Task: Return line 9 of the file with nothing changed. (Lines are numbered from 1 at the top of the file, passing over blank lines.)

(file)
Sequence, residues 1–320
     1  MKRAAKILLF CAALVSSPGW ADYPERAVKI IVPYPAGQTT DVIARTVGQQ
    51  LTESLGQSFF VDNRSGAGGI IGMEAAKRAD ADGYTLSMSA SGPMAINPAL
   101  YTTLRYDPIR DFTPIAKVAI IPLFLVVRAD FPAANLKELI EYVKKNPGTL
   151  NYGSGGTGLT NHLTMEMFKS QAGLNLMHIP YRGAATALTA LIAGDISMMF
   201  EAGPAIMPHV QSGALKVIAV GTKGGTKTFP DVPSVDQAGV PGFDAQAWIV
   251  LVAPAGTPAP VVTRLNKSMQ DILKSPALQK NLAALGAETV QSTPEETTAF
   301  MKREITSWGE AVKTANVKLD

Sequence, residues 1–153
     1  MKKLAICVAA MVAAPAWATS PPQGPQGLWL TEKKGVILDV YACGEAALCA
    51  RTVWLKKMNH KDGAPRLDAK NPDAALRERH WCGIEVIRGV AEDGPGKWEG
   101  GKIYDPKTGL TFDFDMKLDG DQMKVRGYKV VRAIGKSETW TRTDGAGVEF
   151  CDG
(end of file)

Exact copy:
Sequence, residues 1–153